Published on April 17, 2008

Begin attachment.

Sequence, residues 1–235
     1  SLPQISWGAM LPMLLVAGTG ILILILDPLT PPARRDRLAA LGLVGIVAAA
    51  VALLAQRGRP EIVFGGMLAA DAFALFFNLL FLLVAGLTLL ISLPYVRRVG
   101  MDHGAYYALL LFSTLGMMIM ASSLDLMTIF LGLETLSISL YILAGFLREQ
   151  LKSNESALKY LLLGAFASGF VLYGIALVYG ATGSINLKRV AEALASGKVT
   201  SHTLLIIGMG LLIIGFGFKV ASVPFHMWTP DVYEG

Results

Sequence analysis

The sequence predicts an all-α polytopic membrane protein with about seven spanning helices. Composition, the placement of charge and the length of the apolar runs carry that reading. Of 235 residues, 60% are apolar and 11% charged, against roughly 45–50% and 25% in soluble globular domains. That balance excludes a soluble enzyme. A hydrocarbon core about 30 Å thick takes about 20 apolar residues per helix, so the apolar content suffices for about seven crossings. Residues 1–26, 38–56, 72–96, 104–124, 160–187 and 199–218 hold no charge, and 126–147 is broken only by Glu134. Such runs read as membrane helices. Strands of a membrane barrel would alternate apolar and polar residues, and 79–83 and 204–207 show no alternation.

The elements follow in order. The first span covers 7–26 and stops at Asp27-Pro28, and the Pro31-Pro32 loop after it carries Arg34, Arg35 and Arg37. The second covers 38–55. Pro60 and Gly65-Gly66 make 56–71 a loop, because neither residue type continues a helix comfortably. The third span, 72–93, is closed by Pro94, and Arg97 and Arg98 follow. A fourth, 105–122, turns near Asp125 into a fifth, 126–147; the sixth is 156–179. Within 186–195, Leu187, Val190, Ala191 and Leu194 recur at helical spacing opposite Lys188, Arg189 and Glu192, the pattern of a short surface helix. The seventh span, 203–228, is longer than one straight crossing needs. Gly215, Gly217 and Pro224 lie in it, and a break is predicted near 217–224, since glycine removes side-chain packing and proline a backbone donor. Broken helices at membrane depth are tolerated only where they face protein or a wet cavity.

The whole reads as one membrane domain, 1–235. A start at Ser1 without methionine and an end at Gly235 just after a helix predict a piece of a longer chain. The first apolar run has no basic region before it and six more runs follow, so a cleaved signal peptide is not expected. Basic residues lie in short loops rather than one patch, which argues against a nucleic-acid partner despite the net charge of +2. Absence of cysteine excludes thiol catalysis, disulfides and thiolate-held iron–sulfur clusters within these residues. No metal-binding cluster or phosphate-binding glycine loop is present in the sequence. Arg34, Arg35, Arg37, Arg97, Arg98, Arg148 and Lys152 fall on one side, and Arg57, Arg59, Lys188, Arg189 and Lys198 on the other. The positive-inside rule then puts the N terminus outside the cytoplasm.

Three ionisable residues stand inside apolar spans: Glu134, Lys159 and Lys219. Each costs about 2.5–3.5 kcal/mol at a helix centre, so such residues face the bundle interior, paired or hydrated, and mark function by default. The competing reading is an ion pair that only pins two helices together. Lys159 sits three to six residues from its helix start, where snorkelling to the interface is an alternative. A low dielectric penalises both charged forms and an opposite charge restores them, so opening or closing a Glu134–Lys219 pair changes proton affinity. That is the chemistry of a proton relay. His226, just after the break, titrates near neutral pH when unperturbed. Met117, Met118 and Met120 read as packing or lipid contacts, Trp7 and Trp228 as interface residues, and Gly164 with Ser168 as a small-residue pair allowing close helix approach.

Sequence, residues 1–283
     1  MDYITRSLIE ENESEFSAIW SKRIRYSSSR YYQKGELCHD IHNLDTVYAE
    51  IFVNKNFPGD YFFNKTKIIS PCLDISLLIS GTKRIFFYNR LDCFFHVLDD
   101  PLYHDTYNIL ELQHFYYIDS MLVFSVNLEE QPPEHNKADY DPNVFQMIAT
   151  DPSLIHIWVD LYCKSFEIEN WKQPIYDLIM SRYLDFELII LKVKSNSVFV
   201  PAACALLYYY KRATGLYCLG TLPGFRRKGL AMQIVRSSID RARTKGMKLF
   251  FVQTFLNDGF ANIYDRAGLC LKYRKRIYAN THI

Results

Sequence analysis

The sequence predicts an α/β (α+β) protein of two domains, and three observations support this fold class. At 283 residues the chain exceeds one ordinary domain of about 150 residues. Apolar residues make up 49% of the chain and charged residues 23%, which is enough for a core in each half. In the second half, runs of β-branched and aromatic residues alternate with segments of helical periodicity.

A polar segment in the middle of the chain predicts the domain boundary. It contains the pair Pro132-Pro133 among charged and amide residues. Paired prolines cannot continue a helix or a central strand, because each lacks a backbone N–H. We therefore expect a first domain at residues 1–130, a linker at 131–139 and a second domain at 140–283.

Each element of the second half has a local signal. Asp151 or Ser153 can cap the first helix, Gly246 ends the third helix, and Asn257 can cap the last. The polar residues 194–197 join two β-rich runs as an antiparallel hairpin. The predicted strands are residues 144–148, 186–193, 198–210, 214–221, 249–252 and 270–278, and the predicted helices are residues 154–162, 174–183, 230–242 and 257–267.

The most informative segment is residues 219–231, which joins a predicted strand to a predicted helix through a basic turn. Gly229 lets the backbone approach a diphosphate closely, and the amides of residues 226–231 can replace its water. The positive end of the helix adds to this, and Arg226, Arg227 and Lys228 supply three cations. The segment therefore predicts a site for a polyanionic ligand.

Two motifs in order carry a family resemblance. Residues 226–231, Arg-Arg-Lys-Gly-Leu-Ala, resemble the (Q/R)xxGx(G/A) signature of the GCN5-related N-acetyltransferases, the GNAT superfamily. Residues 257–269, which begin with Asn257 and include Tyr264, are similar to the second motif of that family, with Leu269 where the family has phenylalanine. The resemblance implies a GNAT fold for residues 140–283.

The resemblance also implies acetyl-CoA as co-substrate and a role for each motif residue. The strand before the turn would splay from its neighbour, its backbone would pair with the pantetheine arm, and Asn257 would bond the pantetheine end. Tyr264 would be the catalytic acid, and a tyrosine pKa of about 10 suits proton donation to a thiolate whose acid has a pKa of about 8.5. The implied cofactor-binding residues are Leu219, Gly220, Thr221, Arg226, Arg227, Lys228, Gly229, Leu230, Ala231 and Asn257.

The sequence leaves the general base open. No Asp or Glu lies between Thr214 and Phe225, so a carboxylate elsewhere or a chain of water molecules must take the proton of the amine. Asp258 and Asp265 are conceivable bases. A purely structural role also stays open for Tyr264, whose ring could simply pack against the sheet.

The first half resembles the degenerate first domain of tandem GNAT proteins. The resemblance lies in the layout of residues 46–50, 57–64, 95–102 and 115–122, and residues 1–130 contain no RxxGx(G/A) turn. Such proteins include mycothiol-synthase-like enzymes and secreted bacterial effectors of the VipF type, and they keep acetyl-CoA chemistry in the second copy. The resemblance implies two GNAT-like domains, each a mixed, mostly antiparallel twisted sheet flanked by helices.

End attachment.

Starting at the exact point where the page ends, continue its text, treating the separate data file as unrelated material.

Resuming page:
Part 1: GreecePart 2: Alexander the Great: Part 1: Greece Part 2: Alexander the Great Lesson 20 Part 1: GreeceTheme: The Decline of the City-states: Part 1: Greece Theme: The Decline of the City-states Lesson 20 Persian Wars: Persian Wars Greek colonization brought the city states in conflict with the Persian Empire Remember from Lesson 6 Result was the Persian Wars (500-479 B.C.) Ionian Rebellion: Ionian Rebellion As Persian emperors Cyrus and Darius tightened their grip on Anatolia, the Greek cities on the Ionian coast became increasingly restless In 500 B.C., they revolted and expelled the Achaemenid administrators Athens sent a fleet in support of their fellow Greeks and commercial partners In 493, Darius repressed the rebellion Cyclades Islands Persian Wars: Persian Wars To punish the Athenians and discourage future interference, Darius attacked Athens in 490 The Athenians repelled the invasion Marathon Battle of Marathon: Battle of Marathon The Persians landed at the Plains of Marathon on September 9, 490 For eight days, the two armies faced each other On the ninth day, the Persians started to advance, forcing Miltiades, the commander in chief of the Athenian army, to deploy his army of 10,000 Athenians and 1,000 Plataeans for battle Battle of Marathon: Battle of Marathon The Athenians surrounded the Persians in a double envelopment Although the Athenians were outnumbered, their spears were superior to the Persians’ bows and short lances The Persians fled to their ships Persians lost 6,400 men and seven ships Athenians lost 192 Battle of Marathon: Battle of Marathon However, Miltiades realized that the Persian fleet could sail and attack the undefended city of Athens According to legend, he called upon Phidippides to run to Athens to tell them of the victory and warn them of the approaching Persian ships Phidippides ran the 26 miles from Marathon to Athens in about three hours, successfully warning the Athenians who repelled the Persian invasion Phidippides was exhausted from the fight at Marathon and the 26 mile run and died upon announcing the warning Miltiades Olympic Marathons: Olympic Marathons The marathon was part of the 1896 Olympics The course was from Marathon to Athens (24.85 miles or 40 km) At the London Olympics in 1908, the Olympic marathon course was set at 26 miles, 385 yards (42.195 km) to accommodate the Royal Family’s viewing In 1921 the International Amateur Athletic Foundation made 42.195 km the official distance of a marathon Xerxes: Xerxes Darius’s successor Xerxes tried to avenge the Persian losses by launching another attack in 480 Thermopylae Thermopylae: Thermopylae The Greeks sent an allied army under the Spartan king Leonidas to Thermopylae, a narrow mountain pass in northeastern Greece The point was to stall the Persians long enough that the city states could prepare for later major battles after the Persians broke through Persians attempting to force the pass at Thermopylae Thermopylae: Thermopylae Twice the Greeks repelled the Persians Then Ephialtes, a local farmer, traitorously led a force of Persian infantry through a mountain passage and the next morning they appeared behind the Greek lines Leonidas ordered the rest of the army to withdraw and held the passage with just 300 Spartans As true Spartans, they chose death over retreat Remember Lesson 17 All died but they did hold off the Persians long enough to ensure the safe withdrawal of the rest of the Greek army. Leonidas Thermopylae: Thermopylae “Stranger, go tell the Spartans that we lie here in obedience to their laws.” (Inscription carved on the tomb of Leonidas’s Three Hundred) Leonidas at Thermopylae by David After Thermopylae: After Thermopylae The Persians captured and burned Athens but were defeated by the Athenian navy at Salamis In 479 the Persians were defeated at Plataea and forced back to Anatolia Delian League: Delian League After the Persian threat subsided, the Greek poleis had conflicts among themselves The poleis formed an alliance called the Delian League Athens supplied most of the military force and the other poleis provided financial support Sparta did not join the league In the absence of the Persian threat, eventually the other poleis came to resent financing Athens’s bureaucracy and construction projects The resulting tensions led to the Peloponnesian War (431-404) in which the poleis divided up into two sides led by Athens and Sparta The Peloponnesian War (431-404 B.C.): The Peloponnesian War (431-404 B.C.) The war went back and forth until 404 when the Spartans and their allies forced Athens to surrender Conflicts continued however and the world of the poleis steadily lost power Alexander the Great is going to step into this power vacuum (next lesson) “Failure of the Nerve”: “Failure of the Nerve” Xenophon lamented that up to this point, “the City-state, the Polis, had concentrated upon itself all the loyalty and the aspiration of the Greek mind. It gave security to life. It gave meaning to religion.” Then, however, “it was not now ruled by the best citizens. The best had turned away from politics.” Intellectual and imaginative life of 4th Century Greece gave way to an atmosphere of defeat Gilbert Murray explains it as “a failure of nerve” Part 2: Alexander the GreatTheme: Advances in Warfare: Part 2: Alexander the Great Theme: Advances in Warfare Lesson 20 Philip II: Philip II Ruled Macedonia from 359-336 B.C. and transformed it into a powerful military machine Moved into northern Greece and met little resistance due to residual effects of Peloponnesian War By 338 he had Greece under his control Macedonia: Macedonia Alexander the Great: Alexander the Great Philip intended to use Greece as a launching pad to invade Persia, but he was assassinated before he could begin his plan Instead the invasion of Persia would be left for Philip’s son Alexander who was just 20 when Philip was assassinated “Alexander inherited from his father the most perfectly organized, trained, and equipped army of ancient times.” J.F.C. Fuller, The Generalship of Alexander the Great Conquests of Alexander: Conquests of Alexander Ionia and Anatolia 333 Syria, Palestine, Egypt 332 Mesopotamia 331 Persepolis 331 King of Persia 330 India 327 Returns to Susa 324 Dies (age 33) 323 Warfare in the Age of Alexander: Warfare in the Age of Alexander Phalanx: A formation of infantry carrying overlapping shields and long spears, developed by Philip II and used by Alexander the Great Warfare in the Age of Alexander: Warfare in the Age of Alexander Hoplite The main melee warrior of the Macedonian army. Worked mainly in the tight phalanx formation, creating impregnable lines that often left the enemy demoralized. Hoplites in Action: Hoplites in Action Warfare in the Age of Alexander: Warfare in the Age of Alexander Companions Alexander’s elite cavalry, the offensive arm of his army, and his elite guard. They would be used in conjunction with the phalanx. The phalanx would fix the enemy in place and then the companion cavalry would attack on the flank. Alexander would lead the charge with his cavalry, normally in a wedge formation. These troops would also protect the flanks of the Macedonian line during battle. Warfare in the Age of Alexander: Warfare in the Age of Alexander Sieges involved the surrounding and blockading of a town or fortress by an army trying to capture it. A variety of weapons were built to hurl projectiles over city walls, scale or batter the walls, and transport soldiers over them. Tyre: Tyre “… if Alexander deserves permanent commemoration as a general, then it is above all in his capacity as a besieger, and of all his sieges Tyre was his masterpiece.” Paul Cartledge, Alexander the Great, 147 Tyre: Tyre Old city on the mainland was abandoned New city built on an island two miles long and separated from the coast by a half mile channel Walls were 150 feet high Had two harbors (Sidonian and Egyptian) Alexander originally had no ships so he built a mole across the channel Tyre: Tyre Mole was designed to be 200 feet wide and was built by driving piles into the bottom and filling in the space with stones, earth, and wood Entire trees --- branches, leaves, and all -– were thrown beside the piles to serve as a breakwall Stone was hauled in from the old city “A city and a forest were exhausted to build this wonderful mole.” Theodore Dodge, Alexander, 330. Alexander’s original mole has grown over the centuries and is now a broad landbridge with roads and buildings on it. Tyre: Tyre Tyrians attacked the mole with missiles, ships, and divers Alexander was forced to build two towers on the end of the mole to fend off attacks Tyrians launched a fire ship carrying cauldrons of sulfur, naphtha, and chemical oils to destroy the towers Fire ship burned down the towers and cracked the end of the mole so that it later was washed away by waves The work of months was lost in an hour, but Alexander began building another, better mole Tyrian Fire Ship Burns the Towers: Tyrian Fire Ship Burns the Towers Tyre: Tyre Alexander collected a fleet of over 200 ships and maneuvered them into moorings off the Sidonian and Egyptian harbors Blockaded the Tyrian fleet in its harbors and now was at liberty to use his siege engines to reduce the city’s walls Composition of Alexander’s Fleet No. of ships Origin 80 Sidon, Aradus, and Byblus 10 Rhodes 3 Soli and Mallus 10 Lycia 1 Macedon 120 Cyprus Tyre: Tyre Finally the engines penetrated the wall on the side toward Egypt The fleet had captured the north and south fronts of the city Ladders were thrown up against the walls and the Macedonians burst in 5th Century Greek Battering Ram Tyre: Tyre After a seven month siege, Tyre fell 8,000 Tyrians were killed in the fighting 2,000 more were hung afterwards 400 Macedonians were killed in the siege and just 20 in the assault Gaugamela (Arbela): Gaugamela (Arbela) “Most agree that this was Alexander’s greatest set-piece battle.” Paul Cartledge, Alexander the Great, 151. Gaugamela (Arbela): Gaugamela (Arbela) At Issus, Alexander captured Darius’ family and was holding them hostage but treating them well “Darius appeared to have lost the character for strength which he was thought at one time to possess. An excellent ruler in peace, he was his own worst enemy in war.” Theodore Dodge, Alexander the Great, 360. Seal of King Darius Gaugamela (Arbela): Gaugamela (Arbela) Darius had assembled a huge army from all the Persian nationalities Estimates range from 200,000 to a million infantry and 45,000 to 100,000 cavalry 200 scythed chariots 15 elephants Alexander had about 40,000 men Darius III, King of Persia 336-330 B.C. Gaugamela (Arbela): Gaugamela (Arbela) Darius drew his army up on a large plain near Gaugamela The ground was carefully leveled, obstacles removed, and brush cut down to allow free movement of his chariots and horses Darius wanted to lure Alexander into a battlefield of his own choosing so Darius could employ his masses Scythed chariot Gaugamela (Arbela): Gaugamela (Arbela) Alexander advanced and camped within sight of Darius’s army on Sept 30, 331 B.C. Darius feared a night attack and kept his men alert all night When Alexander did attack the next day, Darius’ men were tired In the opening moves, the Persians tried to outflank Alexander Larger force had given them this capability Gaugamela (Arbela): Gaugamela (Arbela) Alexander was able to counter with his reserve Two flying columns behind each wing which could wheel outward to meet any outflanking foe, to guard the rear, or to reinforce the phalanx in the center First such use of a reserve in history Oblique order Gaugamela (Arbela): Gaugamela (Arbela) Alexander attacked on the right to avoid Darius’ obstacles in the center Darius countered with his chariots and cavalry, but Alexander checked them with his right flying column Caltrops Gaugamela (Arbela): Gaugamela (Arbela) Alexander then advanced against the Persian left center, exploiting a gap that had been created when Darius shifted to meet the earlier threat to his right Alexander formed his men into a wedge and struck the gap A column of Persian cavalry exploited a gap of Alexander’s own and attacked to Alexander’s rear, but Alexander defeated them with his left flying column Wedge Formation 3 8 36 Gaugamela (Arbela): Gaugamela (Arbela) Darius now feared for his own safety and fled the field The entire Persian center and left also fled The Persian army was dispersed Alexander pursued for 70 miles to Arbela (modern day Arbil) but couldn’t catch Darius The Persians lost 40,000 to 90,000 The Macedonians only 500 Gaugamela (Arbela): Gaugamela (Arbela) The military genius of Alexander “The Persians still relied on multitudes. Alexander was introducing new tactics.” Theodore Dodge, Alexander the Great, 385. Flying column reserves The wedge to penetrate an opening Striking not merely with mass but at the right place and time All around security Discipline of troops Ability to determine the enemy weakness and seize opportunity rapidly Alexander and the Principles of War: Alexander and the Principles of War Maneuver Mass Surprise Security Objective Economy of Force Offensive Unity of Command Simplicity Alexander and the Principles of War: Maneuver Created a gap by causing Darius to shift forces to meet the initial attack on the right Mass Used the wedge formation at the gap in Darius’ line (decisive place and time) Surprise Kept Darius up all night expecting an attack and then attacked the next day when Darius was tired Objective Capture Darius in order to replace him as king Alexander and the Principles of War Alexander and the Principles of War: Alexander and the Principles of War Economy of force Accepted risk on his left in order to launch a strong attack on his right Offensive Attacked even though grossly outnumbered Unity of command Alexander personally led the Companion cavalry in the attack on the right Simplicity Much of what Alexander was able to do was based on the discipline his soldiers had gained from drill After Gaugamela : After Gaugamela Darius’ escape frustrated Alexander because it prevented him from full claim to being king of Persia Eventually Darius’ followers assassinated him As Alexander became king of Persia and continued to advance east, he took on an increasingly Eastern attitude The End of the Empire: The End of the Empire "The Marriage of Alexander the Great and Roxanna" by Ishmail Parbury Alexander Married Roxanna and had his men also intermarry Adopted Eastern dress and habits Publicly insisted upon his descent from the gods Began giving key positions to Persians The Macedonians were tired of campaigning and resented the changes in Alexander’s behavior and become mutinous Alexander died in June 323, perhaps as a result of poisoning After Alexander: After Alexander After Alexander died, his generals jockeyed for power and by 275 they had divided up his kingdom into three large states Antigonus took Greece and Macedon Ptolemy took Egypt Seleuces took the former Achaemenid empire The period of Alexander and his successors is called the Hellenistic period to reflect the broad influence of Greek culture beyond Greece’s borders Next: Next Aztecs and Mongols